View Comments
$8.8m bid to boost literacy
Mark and Sarah McGowan take their children Amelia, Alexander and Samuel to school this morning. Picture: Steve Ferrier/The West Australian

Labor Leader Mark McGowan has used the first day of the new school year to pledge $8.8 million to boost WA literacy rates.

Mr McGowan and his wife Sarah took their children, Samuel, 9, Alexander, 7, and Amelia, 3, who starts her first day of Kindergarten, to Rockingham Beach Primary School.

After seeing them to their classrooms he told media that literacy standards in WA needed to improve.

With 25 per cent of Year 4 students failing to meet literacy benchmarks, standards were "unacceptable".

"The situation has to improve. We can't allow that to continue to happen," he said.

Mr McGowan said under a Labor government a phonics-based approach to literacy, Explicit Instruction, would be made a priority in WA classrooms.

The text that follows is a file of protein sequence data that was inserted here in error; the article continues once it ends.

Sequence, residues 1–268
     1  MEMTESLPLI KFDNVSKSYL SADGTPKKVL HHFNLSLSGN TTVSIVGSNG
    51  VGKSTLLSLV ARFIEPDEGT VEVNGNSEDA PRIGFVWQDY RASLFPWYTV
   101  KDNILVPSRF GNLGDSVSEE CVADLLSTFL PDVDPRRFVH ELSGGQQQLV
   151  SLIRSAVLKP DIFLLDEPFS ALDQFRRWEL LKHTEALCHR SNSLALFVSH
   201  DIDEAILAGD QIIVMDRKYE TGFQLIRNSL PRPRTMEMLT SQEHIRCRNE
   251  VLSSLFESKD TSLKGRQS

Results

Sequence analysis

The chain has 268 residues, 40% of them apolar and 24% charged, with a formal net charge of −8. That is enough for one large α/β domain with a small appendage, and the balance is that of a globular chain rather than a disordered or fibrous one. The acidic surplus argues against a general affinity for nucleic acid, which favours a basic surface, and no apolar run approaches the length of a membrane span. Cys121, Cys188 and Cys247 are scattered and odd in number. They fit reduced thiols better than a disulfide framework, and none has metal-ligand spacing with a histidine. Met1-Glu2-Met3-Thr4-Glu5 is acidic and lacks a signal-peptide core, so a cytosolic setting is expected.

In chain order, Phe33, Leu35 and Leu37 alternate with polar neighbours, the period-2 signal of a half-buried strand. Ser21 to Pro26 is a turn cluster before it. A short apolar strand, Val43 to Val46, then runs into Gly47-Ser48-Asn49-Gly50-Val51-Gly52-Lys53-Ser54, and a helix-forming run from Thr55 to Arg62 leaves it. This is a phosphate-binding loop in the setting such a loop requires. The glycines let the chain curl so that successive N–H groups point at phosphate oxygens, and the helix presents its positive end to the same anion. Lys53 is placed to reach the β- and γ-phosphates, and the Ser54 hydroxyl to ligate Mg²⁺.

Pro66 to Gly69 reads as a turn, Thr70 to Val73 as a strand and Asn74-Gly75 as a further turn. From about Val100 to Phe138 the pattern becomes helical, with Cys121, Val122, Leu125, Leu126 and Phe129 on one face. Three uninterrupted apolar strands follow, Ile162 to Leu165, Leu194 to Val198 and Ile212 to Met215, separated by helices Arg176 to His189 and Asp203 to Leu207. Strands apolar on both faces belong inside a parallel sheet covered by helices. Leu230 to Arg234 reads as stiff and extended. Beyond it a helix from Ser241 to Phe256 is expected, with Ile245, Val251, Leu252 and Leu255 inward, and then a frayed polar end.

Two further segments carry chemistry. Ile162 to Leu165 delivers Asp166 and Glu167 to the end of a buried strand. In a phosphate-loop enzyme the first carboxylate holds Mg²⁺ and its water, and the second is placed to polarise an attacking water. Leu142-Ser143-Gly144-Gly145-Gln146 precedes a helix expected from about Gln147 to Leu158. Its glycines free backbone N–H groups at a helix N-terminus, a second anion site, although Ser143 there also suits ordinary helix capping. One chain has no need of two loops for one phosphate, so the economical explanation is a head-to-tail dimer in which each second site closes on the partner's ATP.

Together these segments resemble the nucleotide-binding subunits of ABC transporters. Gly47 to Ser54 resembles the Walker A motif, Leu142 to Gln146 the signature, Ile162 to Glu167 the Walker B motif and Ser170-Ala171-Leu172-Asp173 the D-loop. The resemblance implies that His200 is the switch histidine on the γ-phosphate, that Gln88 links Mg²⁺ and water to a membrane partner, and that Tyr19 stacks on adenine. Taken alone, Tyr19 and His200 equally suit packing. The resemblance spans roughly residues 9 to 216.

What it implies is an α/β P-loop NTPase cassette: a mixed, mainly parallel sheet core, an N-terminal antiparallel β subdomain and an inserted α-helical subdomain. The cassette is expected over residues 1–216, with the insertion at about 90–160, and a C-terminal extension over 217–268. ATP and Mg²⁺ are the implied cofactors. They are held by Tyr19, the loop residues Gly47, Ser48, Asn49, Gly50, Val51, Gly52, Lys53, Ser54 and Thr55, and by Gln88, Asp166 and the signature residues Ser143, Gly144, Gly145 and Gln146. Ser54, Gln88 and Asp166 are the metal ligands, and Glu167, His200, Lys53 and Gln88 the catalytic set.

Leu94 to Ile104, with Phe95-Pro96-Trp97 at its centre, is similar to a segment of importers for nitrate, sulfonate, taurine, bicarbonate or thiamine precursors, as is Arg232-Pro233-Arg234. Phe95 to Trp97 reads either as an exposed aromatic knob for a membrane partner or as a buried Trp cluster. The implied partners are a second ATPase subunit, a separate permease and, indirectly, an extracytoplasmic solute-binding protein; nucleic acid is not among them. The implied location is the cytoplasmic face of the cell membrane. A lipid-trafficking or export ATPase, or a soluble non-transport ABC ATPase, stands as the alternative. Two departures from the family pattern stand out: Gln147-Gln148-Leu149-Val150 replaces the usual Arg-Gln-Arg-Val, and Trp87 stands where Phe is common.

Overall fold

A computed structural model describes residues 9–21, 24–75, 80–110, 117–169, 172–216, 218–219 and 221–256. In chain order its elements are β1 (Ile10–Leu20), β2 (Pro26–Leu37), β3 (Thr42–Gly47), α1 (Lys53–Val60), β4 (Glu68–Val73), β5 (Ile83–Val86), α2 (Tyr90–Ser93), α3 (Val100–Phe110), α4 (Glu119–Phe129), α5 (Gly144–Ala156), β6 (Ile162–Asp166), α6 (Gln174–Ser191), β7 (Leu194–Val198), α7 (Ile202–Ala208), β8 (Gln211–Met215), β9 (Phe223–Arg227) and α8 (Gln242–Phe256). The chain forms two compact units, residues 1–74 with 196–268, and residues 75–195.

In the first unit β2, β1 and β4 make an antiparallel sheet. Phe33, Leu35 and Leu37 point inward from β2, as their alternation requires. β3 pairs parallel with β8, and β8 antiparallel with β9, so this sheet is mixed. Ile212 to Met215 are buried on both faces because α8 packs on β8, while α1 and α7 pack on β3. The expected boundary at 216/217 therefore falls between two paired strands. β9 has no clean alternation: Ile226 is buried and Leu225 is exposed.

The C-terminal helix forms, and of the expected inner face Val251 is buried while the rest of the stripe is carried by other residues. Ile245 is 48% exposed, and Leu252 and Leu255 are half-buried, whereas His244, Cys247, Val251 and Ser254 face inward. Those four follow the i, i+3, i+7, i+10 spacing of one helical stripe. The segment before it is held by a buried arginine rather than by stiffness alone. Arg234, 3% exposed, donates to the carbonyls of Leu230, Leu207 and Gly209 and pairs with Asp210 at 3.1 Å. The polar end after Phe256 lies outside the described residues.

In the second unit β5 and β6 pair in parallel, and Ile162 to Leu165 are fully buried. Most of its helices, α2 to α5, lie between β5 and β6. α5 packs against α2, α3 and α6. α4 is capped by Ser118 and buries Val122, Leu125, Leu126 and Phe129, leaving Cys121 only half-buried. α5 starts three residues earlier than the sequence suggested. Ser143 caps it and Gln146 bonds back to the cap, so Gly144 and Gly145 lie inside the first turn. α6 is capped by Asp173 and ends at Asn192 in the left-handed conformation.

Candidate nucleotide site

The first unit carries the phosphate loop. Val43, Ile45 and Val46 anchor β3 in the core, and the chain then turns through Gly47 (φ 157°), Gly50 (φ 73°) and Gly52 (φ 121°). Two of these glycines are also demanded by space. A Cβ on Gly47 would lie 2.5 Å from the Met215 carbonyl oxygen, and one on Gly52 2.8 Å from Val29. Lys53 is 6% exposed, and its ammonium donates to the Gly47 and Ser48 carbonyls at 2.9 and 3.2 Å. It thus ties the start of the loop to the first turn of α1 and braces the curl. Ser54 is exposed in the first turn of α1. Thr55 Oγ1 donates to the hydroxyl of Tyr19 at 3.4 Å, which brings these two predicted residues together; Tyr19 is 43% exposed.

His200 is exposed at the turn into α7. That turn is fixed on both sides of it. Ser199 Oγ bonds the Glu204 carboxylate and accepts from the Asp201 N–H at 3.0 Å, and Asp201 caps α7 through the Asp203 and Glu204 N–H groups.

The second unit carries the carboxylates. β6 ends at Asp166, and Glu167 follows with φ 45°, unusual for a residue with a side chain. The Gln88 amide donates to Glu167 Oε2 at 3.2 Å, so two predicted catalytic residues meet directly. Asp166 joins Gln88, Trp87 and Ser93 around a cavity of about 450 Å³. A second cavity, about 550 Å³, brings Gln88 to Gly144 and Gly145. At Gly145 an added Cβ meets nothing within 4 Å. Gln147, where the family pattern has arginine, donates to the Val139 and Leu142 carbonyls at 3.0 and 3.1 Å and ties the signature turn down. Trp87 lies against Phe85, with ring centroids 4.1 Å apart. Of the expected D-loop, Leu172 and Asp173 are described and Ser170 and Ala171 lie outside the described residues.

He said the three-year funding program would pay for 32 literacy experts - four for each educational region - to help roll out the back-to-basics program.

However, it would not be compulsory, as a teaching method was not part of the curriculum or syllabus, but rather would be made a priority.

"If you come in, in a heavy-handed way, that doesn't work. You need work and take the teaching workforce with you when you put in these forms of changes."

Mr McGowan, an education minister in the former Labor government, said currently many schools taught literacy with a "whole language" approach, which emphasised critical thinking and context to learn words.

Under Explicit Instruction, students were taught to understand that written language represented sounds and that these symbols were arranged to create words, he said.

"The phonics-based approach is supported by decades of research and ha delivered impressive results in some of our schools," he said.

Mr McGowan said at Ballajura Primary School a switch to this approach had reduced the number of students not meeting literacy benchmarks from 30 per cent to 3 per cent.

He said the Government's recent announcement of literacy testing for Year 10 students came too late and early intervention was needed.

He said he did not have a formal target for how many schools would use the method in four years other than it would be "a great many".